Of course, “Cruz as speaker” was a dramatic spin by reporters. But for a moment, it had a ring of truth: Cruz’s House allies challenged Boehner in those morning strategy meetings, and the speaker subsequently followed Cruz’s direction, from championing the “defund Obamacare” effort to holding firm in his negotiations with Democrats. Cruz, for his part, seemed to relish the attention. As the buzz grew, he happily acknowledged in interviews that he was, indeed, pressuring the House leadership.

But Cruz’s moment as Republican conductor was fleeting, and his power over the House’s rabble-rousers has dimmed. He still keeps in touch with them, but he has retreated to his comfort zone: the outside game. Boehner’s allies worry that Cruz might suddenly decide to reenter the House fray, but for now, he’s working more with conservative groups than with House members.

3. Boehner is powerless.

The House speaker has endured an arduous post-election period, going back to late December, when his strategy for solving the “fiscal cliff,” the infamous “Plan B,” failed to gain traction in the House Republican conference. In a memorable moment, Boehner, nearly in tears, conceded defeat and pulled Plan B from the floor. A few weeks later, there was an embarrassing coup attempt in which about a dozen Republicans broke ranks. Ever since, Boehner’s grip on his conference has been threatened by 30 to 40 House conservatives who don’t trust his instincts and ignore his direction.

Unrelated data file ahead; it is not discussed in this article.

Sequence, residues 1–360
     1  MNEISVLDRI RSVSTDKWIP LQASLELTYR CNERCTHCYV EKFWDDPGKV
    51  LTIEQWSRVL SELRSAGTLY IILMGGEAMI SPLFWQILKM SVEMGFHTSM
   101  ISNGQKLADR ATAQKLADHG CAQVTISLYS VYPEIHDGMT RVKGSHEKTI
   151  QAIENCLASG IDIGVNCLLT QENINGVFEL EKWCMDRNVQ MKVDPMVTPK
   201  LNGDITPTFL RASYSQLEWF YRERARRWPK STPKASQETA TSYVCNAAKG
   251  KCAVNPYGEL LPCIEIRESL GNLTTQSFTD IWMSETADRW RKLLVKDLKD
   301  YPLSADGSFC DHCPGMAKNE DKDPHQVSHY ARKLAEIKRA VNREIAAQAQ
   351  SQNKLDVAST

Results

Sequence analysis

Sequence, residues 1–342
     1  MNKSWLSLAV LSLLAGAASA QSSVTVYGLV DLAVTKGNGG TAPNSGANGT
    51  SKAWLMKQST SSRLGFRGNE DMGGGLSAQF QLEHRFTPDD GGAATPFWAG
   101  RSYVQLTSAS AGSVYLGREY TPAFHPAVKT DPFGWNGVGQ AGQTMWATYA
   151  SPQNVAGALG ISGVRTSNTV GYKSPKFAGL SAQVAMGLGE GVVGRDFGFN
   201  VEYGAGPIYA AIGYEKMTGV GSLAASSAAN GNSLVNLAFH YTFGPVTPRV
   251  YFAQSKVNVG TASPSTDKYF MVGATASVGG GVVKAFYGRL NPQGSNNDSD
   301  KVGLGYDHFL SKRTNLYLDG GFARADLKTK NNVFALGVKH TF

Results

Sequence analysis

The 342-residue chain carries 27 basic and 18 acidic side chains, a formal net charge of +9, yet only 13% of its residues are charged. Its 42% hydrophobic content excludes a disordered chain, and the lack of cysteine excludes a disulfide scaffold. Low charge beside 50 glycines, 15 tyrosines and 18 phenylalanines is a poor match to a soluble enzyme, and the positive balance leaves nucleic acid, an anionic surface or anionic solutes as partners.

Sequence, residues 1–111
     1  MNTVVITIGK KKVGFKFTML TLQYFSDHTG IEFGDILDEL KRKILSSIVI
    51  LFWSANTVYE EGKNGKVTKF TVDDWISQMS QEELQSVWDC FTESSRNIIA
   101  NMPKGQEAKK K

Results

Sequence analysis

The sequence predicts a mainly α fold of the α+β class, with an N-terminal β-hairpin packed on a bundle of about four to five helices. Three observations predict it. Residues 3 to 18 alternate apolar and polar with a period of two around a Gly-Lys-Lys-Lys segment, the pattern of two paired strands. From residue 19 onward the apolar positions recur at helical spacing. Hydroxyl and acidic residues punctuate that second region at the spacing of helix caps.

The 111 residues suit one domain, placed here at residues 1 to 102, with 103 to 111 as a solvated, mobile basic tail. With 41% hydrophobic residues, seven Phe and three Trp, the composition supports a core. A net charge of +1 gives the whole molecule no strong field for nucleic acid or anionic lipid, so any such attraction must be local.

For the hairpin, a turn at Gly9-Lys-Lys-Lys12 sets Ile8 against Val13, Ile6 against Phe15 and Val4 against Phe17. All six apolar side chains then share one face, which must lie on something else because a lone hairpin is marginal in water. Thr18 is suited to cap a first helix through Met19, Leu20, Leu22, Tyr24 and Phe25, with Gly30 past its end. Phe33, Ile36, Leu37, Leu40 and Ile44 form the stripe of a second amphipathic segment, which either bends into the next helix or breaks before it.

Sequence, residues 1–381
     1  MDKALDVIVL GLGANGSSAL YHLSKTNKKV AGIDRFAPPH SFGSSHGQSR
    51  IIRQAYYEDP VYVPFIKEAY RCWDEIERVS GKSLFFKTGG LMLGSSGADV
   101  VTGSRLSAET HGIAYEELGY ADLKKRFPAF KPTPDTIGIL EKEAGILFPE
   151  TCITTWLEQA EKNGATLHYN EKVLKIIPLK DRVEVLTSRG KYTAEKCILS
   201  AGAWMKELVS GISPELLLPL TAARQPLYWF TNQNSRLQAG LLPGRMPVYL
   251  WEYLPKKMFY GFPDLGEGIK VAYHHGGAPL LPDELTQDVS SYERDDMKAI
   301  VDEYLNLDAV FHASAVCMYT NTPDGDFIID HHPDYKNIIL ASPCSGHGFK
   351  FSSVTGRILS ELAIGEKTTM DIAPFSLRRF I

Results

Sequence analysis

But Boehner isn’t powerless. That group of 30 to 40 conservatives, while a dominant bloc, represents only about 10 percent of the House. Boehner goes along with them on many issues, but not because he doesn’t have other options; it’s because he wants to keep the conference united. If he wanted to break with them in the current fiscal drama, he could, and that power shouldn’t be dismissed. Should he decide to bring a compromise to the House floor, there’s nothing, other than political considerations, that would stop him.

4. Paul Ryan is AWOL.

Ryan, a Wisconsin congressman and former GOP vice-presidential nominee, has had a lower profile since last year’s election. He remains Budget Committee chairman, but he’s not out there as a leading spokesman for House Republicans. This is by design. Ryan knows he’s an outsize presence in Republican politics, and, according to his confidants, he doesn’t like to use his political capital, in terms of TV appearances and interviews, unless necessary, such as when he backed a flagging Boehner during the fiscal cliff debate.